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Greg Githens is the author of How to Think Strategically (2019). He is a recognized thought leader in designing and delivering strategic initiatives.
Read these recent articles
- The Skills Stack for Resilience
- Five tips for speaking truth to power
- Better Conversations Generate Better Strategy
- Insights Are the Secret Sauce of Strategy
- How a Strategic Decision Differs From a Tactical Decision
- Unlearning, learning, and a culture of strategic thinking
- How Mapping Can Improve Your Strategic Thinking
- How to Measure Business Acumen
- Strategy Execution as a Learning Process
- Why I favor a mental stance of disorder
- Critical Asking
- Transcending the Status Quo
- Connecting Strategy to Execution
- Complexity: Four Principles for Program Managers
- Use the PAVER Framework to Assure Strategic Commitments
- Strategic Experiments & Agile Responses
- Avoiding Four Pitfalls of Rapid Growth
- Operational Excellence or Strategic Excellence?
- Design Thinking: Five Landmarks for Strategic Initiatives
- Seven Must-Do’s for Better Strategy Execution
- Strategy as Problem Solving: An Example from a Large Technology Organization.
- Five Mental Anchors that Impede Your Strategic Initiative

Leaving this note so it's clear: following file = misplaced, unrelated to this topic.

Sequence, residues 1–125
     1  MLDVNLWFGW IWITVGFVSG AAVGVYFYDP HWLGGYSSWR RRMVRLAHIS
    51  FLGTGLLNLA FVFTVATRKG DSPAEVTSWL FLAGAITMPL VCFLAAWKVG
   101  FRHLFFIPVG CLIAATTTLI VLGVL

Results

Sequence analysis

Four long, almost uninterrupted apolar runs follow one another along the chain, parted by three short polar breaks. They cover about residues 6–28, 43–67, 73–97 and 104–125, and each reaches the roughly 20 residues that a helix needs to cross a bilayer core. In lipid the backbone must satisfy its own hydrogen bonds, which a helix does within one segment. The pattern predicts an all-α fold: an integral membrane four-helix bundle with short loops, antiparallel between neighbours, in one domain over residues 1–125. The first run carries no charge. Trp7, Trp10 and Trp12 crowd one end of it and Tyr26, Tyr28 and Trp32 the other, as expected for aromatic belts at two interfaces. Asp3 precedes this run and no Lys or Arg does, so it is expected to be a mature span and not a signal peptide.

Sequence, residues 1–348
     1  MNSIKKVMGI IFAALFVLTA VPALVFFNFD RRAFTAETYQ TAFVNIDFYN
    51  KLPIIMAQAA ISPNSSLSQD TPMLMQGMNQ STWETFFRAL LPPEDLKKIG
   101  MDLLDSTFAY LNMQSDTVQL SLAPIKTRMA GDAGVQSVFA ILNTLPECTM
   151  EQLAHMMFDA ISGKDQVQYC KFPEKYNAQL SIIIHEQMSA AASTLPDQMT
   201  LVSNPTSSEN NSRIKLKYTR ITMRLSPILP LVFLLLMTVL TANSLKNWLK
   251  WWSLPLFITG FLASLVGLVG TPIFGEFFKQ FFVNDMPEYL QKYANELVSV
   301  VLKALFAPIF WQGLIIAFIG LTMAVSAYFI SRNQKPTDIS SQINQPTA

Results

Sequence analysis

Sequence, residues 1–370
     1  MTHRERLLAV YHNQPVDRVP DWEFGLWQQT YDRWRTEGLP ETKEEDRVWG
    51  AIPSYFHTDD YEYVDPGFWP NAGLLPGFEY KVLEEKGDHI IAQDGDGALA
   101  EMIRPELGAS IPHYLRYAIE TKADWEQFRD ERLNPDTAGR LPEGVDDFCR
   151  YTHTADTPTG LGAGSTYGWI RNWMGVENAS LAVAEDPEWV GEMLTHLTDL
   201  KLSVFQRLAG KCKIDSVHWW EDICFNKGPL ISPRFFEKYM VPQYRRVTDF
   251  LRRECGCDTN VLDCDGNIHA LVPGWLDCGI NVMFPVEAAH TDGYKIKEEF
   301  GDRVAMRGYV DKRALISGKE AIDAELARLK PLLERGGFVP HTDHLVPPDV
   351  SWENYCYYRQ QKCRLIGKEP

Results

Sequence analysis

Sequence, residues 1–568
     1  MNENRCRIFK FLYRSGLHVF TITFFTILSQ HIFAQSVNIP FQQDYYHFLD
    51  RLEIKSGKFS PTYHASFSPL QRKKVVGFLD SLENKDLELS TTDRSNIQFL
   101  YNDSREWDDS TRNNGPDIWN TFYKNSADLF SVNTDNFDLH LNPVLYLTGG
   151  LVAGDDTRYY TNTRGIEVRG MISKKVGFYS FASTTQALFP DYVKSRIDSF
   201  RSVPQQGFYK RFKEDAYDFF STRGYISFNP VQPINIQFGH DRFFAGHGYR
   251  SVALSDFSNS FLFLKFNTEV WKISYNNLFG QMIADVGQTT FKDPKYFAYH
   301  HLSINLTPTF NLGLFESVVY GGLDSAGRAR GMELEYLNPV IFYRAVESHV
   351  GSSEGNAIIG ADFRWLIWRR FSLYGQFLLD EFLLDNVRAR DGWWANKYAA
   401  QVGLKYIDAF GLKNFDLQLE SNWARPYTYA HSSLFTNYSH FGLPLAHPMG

- Five Must-Know Patterns of Disruption
- Beginners Guide: Competent Strategic Initiatives
- Volatility, Uncertainty, Complexity, & Ambiguity (VUCA)
- Four Recommendations for Effective Program Governance
- Six Strategic Thinking Skills: Developing the Proactiveness Habit
- What’s the #Strategy? Let Me Tell You a #Story
- Benefits of Being a Visible Expert
- Strategy is Not Long-Range Planning, Vision, Mission, or Values
- Five Ways to Involve Smart New Voices in the Strategy & Agile Innovation Conversation
- Is it Possible to Have a Perfect Strategy?
- Facilitating the Business Model Canvas: A Few Lessons Learned (Part 1)
- Designing Strategic Initiatives for Results: The Two Kinds of Coherence
- Perspective is More Powerful than Vision
- The Real Reason Strategy Implementation is Difficult (and the Solution to It)
- Grasping Essentials When You’re NOT the Expert